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Trying to diagnose random hardware freezes and did the natural thing; started memtesting everything.

DDR400 DDR2 Ram CAS 5-5-5-18 Four sets of sticks; 2x2GB PNY's and 2x1GB Elixirs

So far I've tested one of the Elixirs and one of the PNY's, and both are failing at the same point (around 129MB) and only failing on the Random Number Sequence test.

Am I missing something? Is this normal failure? Is it a case of getting new ram or throwing the Motherboard out?

I'm trying to get my hands on another DDR2 machine to do comparative tests but thought I'd ask anyway.

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2 Answers 2

up vote 3 down vote accepted

In some of the servers I managed, we started to get many ECC errors in the kernel logs. Even after the whole the RAM set changed, the errors continued as we did nothing to the server. At that point we concluded that memory controllers fried and the motherboard swapped out.

This might be the very case for you.

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+1 I was in the process of writing pretty much the same answer when yours popped up. –  John Gardeniers Jan 10 '13 at 8:58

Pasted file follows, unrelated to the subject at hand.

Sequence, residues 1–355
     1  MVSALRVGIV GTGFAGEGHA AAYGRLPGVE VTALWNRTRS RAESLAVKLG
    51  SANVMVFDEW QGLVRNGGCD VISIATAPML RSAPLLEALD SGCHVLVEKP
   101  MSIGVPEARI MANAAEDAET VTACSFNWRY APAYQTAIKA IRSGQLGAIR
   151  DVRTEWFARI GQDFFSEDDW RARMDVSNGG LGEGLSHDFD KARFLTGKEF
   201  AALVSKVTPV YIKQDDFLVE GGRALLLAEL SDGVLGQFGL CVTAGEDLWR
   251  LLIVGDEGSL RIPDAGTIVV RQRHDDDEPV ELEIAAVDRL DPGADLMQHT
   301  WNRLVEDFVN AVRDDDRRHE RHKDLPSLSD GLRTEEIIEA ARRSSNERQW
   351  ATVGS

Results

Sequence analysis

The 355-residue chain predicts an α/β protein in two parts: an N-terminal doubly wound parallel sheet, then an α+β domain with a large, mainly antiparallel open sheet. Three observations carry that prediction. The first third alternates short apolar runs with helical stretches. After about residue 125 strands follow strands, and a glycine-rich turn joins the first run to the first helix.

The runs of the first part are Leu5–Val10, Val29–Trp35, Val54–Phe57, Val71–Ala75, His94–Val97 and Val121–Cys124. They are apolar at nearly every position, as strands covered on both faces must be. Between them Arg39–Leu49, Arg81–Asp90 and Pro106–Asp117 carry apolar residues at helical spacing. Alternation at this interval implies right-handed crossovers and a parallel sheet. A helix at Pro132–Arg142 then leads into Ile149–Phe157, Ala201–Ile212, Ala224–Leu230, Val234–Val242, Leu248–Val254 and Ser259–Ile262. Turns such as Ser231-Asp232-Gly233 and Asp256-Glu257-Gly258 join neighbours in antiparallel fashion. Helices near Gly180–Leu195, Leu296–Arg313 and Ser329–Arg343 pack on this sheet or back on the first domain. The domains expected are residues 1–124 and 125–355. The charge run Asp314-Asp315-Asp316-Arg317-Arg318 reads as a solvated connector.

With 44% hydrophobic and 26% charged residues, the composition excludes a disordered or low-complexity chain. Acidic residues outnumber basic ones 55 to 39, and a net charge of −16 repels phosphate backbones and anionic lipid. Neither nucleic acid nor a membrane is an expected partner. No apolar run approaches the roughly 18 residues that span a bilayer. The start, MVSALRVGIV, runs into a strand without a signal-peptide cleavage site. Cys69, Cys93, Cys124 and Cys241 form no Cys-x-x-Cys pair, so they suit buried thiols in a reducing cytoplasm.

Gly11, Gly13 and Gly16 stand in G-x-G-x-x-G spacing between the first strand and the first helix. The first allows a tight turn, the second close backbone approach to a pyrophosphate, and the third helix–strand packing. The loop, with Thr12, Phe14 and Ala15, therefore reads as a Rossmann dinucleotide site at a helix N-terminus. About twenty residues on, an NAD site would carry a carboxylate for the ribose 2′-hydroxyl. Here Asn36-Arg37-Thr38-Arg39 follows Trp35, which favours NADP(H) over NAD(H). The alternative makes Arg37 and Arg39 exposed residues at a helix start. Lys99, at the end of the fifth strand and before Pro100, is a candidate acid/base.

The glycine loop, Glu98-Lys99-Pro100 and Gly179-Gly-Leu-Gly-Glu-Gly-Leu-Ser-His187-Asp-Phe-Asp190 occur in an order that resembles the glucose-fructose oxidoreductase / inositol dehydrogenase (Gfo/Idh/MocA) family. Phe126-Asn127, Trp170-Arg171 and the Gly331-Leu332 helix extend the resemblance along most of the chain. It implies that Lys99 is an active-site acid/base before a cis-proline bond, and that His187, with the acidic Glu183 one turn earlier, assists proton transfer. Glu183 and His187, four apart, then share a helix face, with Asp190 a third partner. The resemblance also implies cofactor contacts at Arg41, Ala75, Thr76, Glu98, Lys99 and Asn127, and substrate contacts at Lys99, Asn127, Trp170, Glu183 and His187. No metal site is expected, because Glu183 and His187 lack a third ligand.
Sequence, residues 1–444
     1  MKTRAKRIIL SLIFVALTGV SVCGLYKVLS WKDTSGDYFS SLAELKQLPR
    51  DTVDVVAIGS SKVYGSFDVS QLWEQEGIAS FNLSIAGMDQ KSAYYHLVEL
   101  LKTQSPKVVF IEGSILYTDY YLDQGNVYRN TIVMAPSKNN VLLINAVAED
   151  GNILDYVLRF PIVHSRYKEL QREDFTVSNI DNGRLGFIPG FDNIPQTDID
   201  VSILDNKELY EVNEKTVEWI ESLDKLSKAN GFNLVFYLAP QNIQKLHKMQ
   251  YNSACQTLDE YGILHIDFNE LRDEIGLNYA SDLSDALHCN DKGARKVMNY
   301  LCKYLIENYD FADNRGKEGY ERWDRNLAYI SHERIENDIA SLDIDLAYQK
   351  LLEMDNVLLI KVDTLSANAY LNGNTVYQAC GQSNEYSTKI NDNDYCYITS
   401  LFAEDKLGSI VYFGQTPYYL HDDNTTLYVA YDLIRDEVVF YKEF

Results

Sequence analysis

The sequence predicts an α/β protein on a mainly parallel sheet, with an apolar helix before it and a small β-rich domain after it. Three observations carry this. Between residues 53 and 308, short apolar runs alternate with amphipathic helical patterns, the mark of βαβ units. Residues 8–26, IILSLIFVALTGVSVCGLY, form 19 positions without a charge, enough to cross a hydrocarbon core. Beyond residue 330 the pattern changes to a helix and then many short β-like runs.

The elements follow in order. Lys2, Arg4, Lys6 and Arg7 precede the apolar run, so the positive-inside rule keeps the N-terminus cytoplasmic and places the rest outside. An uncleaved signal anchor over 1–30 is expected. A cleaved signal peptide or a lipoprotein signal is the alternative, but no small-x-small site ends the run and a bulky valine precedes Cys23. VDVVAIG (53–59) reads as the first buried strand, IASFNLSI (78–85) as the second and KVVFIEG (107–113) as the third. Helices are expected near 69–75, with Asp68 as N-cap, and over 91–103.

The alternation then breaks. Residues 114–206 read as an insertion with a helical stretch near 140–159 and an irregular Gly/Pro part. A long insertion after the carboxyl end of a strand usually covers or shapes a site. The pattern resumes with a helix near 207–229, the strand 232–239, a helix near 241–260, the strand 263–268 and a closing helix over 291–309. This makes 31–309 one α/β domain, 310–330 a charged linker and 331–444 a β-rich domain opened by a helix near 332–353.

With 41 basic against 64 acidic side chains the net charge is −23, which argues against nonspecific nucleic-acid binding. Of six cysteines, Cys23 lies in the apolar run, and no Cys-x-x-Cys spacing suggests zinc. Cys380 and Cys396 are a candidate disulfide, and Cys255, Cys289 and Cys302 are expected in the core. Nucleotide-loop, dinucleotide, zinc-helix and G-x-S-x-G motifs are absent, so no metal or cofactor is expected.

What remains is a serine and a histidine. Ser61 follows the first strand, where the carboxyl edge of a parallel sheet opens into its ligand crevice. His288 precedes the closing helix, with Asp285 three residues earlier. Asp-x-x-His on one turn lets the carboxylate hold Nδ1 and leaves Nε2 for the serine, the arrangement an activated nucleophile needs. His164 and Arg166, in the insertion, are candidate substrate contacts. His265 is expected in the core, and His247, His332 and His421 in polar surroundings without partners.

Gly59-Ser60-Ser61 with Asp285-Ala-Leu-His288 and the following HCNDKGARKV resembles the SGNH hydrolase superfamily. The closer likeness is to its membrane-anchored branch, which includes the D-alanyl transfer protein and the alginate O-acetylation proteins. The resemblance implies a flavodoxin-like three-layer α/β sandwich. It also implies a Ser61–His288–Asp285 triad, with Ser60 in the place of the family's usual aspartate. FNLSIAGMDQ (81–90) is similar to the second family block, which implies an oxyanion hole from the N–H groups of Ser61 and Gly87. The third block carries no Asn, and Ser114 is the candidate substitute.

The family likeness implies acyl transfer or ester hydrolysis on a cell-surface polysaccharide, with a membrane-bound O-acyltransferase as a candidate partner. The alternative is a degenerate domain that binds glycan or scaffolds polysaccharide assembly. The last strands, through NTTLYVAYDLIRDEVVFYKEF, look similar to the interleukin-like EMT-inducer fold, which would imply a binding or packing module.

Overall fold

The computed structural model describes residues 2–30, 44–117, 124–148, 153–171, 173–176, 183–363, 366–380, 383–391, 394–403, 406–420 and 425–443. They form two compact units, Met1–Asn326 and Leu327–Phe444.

Glad I heard I'm not the only one who fried memory controllers for breakfast. –  SilentStorm Jan 10 '13 at 8:59

I would usually assume a timing problem (have you tried using more conservative values?) or actual marginal hardware - could be dodgy cache memory (might be on mainboard or cpu), dodgy memory controller/CPU, or RAM modules that electrically overload/mismatch the memory bus... if there is any gunk (stickers...) on the mainboard PCB try removing such (To very technical people: I know there is usually insulating soldermask on the traces, however a lossy object nearby could be just enough to get a microstrip out of whack!)

Edit: NOT stickers the manufacturer put on. However, some assembly houses put their own serial/stock number stickers on components, I wonder that they do not regularly cause more problems that way.

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